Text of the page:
|My father built this boat, himself. I believe it was the first one he built. This photo was taken around 1947, I think.|
By William Howard Pritchartt, Jr.
English I, C-3
18 September circa 1943
Theme No. 1
Instructor: Mr. Read
There are many picturesque phases of American life, which basically have not been altered by the advance of progress during the last century. Among these is the life of a "shanty-boater"along the banks of the mighty Mississippi River. This broad, muddy, twisting stream has long been the theme for innumerable poems and songs, which still reflect the color and adventure of the antebellum steamboat days.
To me, the "Ol Man River" has always seemed a living thing, for among my first recollections are those of staring from the steep bluffs of Natchez out over the river and into the green haze of the Louisiana lowlands beyond. Consequently, as a growing boy many of my summer days were spent rowing for miles along the willow-covered banks, stripped to the waist, reveling in the calm and peaceful freedom which the river seemed to express.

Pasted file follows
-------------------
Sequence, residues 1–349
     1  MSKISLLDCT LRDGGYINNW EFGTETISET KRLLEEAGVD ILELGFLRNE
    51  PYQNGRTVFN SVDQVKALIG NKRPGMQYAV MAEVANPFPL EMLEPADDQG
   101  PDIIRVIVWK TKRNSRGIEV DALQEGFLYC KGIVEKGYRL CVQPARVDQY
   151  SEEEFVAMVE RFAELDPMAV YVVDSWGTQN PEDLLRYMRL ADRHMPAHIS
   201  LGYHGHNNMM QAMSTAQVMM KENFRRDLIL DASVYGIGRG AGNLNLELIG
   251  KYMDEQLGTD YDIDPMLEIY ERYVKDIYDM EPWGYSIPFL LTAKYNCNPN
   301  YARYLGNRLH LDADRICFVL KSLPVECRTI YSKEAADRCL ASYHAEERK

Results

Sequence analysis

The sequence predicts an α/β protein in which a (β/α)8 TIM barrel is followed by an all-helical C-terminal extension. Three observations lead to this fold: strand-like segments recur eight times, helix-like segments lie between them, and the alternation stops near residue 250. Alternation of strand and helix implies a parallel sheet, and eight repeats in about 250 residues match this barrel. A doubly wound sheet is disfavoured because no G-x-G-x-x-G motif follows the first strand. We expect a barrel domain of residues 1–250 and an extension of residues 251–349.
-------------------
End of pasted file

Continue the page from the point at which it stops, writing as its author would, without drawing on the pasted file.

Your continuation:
Living along the banks of the Mississippi, usually within several miles of a town, are the staunch and sturdy "Shanty-Boaters," a tribe unto themselves. Their homes consist of shanties or small shacks built on small barges approximately fifteen by thirty feet, and are usually moored in some sheltered cove or eddy, safe from the wind and current.
Invariably, these humble dwellings are guarded by two or three hoarse-voiced mongrels, whose sole responsibility in life is to serenade any boat or stranger who approaches near enough to arouse canine suspicions.
The average male "Shanty-Boater" might well have stepped from the pages of a Stevenson pirate novel as far as appearances are concerned. Tanned to the texture of leather, grizzled whiskers, squinting eyes, tobacco-stained teeth, and muscular physique, this child of nature presents a startling picture. His sole means of support is matching his wits against those of the catfish, buffalo, garfish and turtles which infest the Mississippi, for every river man has a strong aversion to any type of confining work.
In the spring or other seasons when the fish are running plentiful and silver begins to jingle in the tattered pockets of the "Shanty-Boater," his greatest pleasure is to have a wild fling in some river saloon where soon the wine, women, and juke-box music have separated him from his hard-earned savings.
Then he returns to his boat, drunk, tired, a little rueful, (but happy in the knowledge that here on the river he is free from the bonds and responsibilities of modern civilization.)
Note from instructor: You're talking me into this as a profession.
Personally, I cannot for the life of me understand why he only got a B-minus.